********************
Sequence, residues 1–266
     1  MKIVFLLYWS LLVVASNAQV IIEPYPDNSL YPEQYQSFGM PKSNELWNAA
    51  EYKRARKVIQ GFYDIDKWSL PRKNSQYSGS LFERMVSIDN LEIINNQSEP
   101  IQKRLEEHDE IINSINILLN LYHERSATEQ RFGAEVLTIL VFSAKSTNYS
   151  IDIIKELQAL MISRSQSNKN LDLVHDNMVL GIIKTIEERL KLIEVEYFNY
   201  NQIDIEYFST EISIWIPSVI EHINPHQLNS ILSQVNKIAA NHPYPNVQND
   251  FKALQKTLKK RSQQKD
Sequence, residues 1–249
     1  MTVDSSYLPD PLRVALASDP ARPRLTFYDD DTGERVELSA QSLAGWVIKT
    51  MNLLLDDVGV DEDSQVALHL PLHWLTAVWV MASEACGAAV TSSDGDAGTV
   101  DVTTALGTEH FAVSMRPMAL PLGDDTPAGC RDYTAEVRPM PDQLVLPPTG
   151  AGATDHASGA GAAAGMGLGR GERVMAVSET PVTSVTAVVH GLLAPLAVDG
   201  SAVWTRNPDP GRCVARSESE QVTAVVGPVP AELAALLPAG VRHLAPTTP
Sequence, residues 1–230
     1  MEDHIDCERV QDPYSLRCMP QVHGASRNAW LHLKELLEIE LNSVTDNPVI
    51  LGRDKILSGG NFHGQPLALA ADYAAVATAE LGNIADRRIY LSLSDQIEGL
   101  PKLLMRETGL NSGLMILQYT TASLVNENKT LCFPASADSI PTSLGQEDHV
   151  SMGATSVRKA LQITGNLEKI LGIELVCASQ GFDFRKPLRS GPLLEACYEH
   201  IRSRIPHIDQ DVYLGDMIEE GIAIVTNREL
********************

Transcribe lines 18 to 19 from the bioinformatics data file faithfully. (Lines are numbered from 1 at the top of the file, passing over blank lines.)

   151  SMGATSVRKA LQITGNLEKI LGIELVCASQ GFDFRKPLRS GPLLEACYEH
   201  IRSRIPHIDQ DVYLGDMIEE GIAIVTNREL